Russian and NATO pilots are testing each other’s wills in the skies above Eastern Europe – Business Insider


NATO jets Baltics Norway Italy fighter plane
Norwegian
and Italian fighters patrol the Baltics during a NATO
air-policing mission from an air base in Lithuania, May 20,
2015.

Ints
Kalnins/REUTERS


NATO and Russian aircraft and ships have drawn ever closer in the
skies and seas around Eastern Europe in recent years, engaging in
a kind of cat-and-mouse game
that has led to many near misses.

A significant number of these encounters have taken place above
the Baltics, where NATO members border a Russia they see
as growing increasingly
aggressive
in its near abroad.

June alone saw several such incidents, including a Russian jet
intercepting a US
B-52 over the Baltic Sea early in the month, another Russian jet
flying within a few feet
of a US Air Force reconnaissance jet over the Baltic Sea in
mid-June, and a NATO F-16 buzzing the Russian
defense minister’s jet later in the month.

Western officials and the research and advocacy group Global Zero
— which analyzed 97 midair confrontations between Russian and
Western aircraft over the Baltic between March 2014 and April
2017 — have said that
Russian pilots are more often responsible for unsafe
interceptions; some of which arise from negligence or are
accidents, while some are deliberate shows of force.

“What we see in the Baltic Sea is increased military
activity — we see it on land, at sea and in the air, and that
just underlines the importance of transparency and predictability
to prevent incidents and accidents,” NATO Secretary General Jens
Stoltenberg told The Wall Street
Journal
. “And if they happen, it is important to make sure
they don’t spiral out of control and create dangerous
situations.”


Russia intercept US plane jet
A Russian fighter jet
flies near a US Air Force plane, June 2017.

US Air Force via Associated Press

Western officials and analysts believe Moscow is using such
incidents as geopolitical tactics, responding to events in Europe
and elsewhere, such as in Syria. Russia has denied this and said
that recent reports about its abilities and activity in the
region are “total
Russophobia
.”

Both sides are working toward “risk reduction
policies for the Baltics. But the uptick in aerial encounters
comes amid increased military activity by both sides on the
ground in Eastern Europe.

Some 25,000 troops from the US and 23 other countries are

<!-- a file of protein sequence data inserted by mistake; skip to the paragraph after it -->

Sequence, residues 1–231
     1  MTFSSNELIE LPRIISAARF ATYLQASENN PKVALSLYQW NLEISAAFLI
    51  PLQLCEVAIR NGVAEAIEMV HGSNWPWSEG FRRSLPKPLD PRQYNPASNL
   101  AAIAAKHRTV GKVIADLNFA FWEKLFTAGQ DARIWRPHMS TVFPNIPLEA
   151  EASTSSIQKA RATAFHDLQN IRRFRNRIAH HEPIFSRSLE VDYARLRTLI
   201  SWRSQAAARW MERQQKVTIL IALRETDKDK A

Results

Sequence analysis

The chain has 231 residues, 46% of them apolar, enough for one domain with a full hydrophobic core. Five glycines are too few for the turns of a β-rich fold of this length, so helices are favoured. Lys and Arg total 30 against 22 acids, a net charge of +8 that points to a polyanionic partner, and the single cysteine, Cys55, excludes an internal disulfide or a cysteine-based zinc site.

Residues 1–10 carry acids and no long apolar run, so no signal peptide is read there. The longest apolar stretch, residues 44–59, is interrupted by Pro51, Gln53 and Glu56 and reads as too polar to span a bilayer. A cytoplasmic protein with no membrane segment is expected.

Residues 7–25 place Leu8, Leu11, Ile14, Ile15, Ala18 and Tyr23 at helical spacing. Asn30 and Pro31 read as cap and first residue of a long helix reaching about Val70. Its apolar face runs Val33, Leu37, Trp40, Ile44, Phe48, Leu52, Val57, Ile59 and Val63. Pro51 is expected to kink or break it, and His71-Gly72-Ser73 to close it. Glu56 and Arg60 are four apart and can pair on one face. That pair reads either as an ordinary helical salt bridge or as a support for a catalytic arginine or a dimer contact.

taking part in the Saber Guardian military exercise in Bulgaria,
Hungary, and Romania this month — the
drills are designed as a deterrent and are
larger in both scale
and scope
” than previous exercises, US European Command
said in
June.

US bombers also traveled to the UK
in June in preparation for two separate multilateral exercises in
the Baltics and elsewhere in Europe that month.

Those military exercises come ahead of war games planned
for September by Russia and Belarus. Those exercises could
involve up to 100,000 troops and include nuclear-weapons
training.


US Marine Lithuania
Lithuanian
soldiers and US Marines from the Black Sea Rotational Force
engaged opposition forces in a partnered attack during Exercise
Saber Strike at the Pabrade Training Area, Lithuania, June 15,
2015.

US Marine Corps/Sgt. Paul
Peterson


Neighboring countries have expressed concern
that those war games could leave a permanent Russian presence in
Belarus — the US plans to station
paratroopers
in Estonia, Latvia, and Lithuania during them
and will adjust its
fighter-jet rotation to put more experienced pilots in the area
to better manage any encounters with Russian forces.

The US and NATO have increased troop deployments to Eastern
Europe. UK and Canadian forces are headed
to Poland, Latvia, and Estonia, and NATO personnel are already in
Lithuania. The latter country has called for a permanent US
military presence there as “a game changer” to
counter Moscow.

In the wake of this month’s G20 summit in Germany, several
countries in Eastern Europe are moving to boost their air-defense
capabilities, with the US aiding the effort.



“Romania
will use the Patriot missile system to strengthen its homeland
defense and deter regional threats,” the US State Department
said.

© AFP/File JANEK
SKARZYNSKI


In early July, Poland and the US signed a memoranda of
understanding for an $8 billion sale of
US-made Patriot missiles.

This week, the State Department gave tentative approval to
a $3.9 billion sale
of Patriot missiles and related equipment, like radars, to
Romania.

Patriot missiles have also been stationed in
Lithuania for the first time, albeit temporarily, as part of
military exercises focused on air defense and involving five NATO
countries.

Russian President Vladimir Putin has said several
times
that the deployment of defensive missile systems by
NATO allies would be a “great danger,” and he has threatened to
respond by boosting Russia’s own missile systems.

“The way I view the Patriots deployment is that it also forms
part of a broader U.S. response in the region to the upcoming
Russian exercise nearby,” Magnus Nordenman, a Nordic security
expert at the Atlantic Council, told AFP.

“Air defense has not been a priority for the last 15 years
when NATO was busy in Afghanistan, dealing with piracy and
peacekeeping,” he said. “There was not much of an air threat but
now that Russia is building up air forces, it is
different.”

Russian and NATO pilots are testing each other’s wills in the skies above Eastern Europe – Business Insider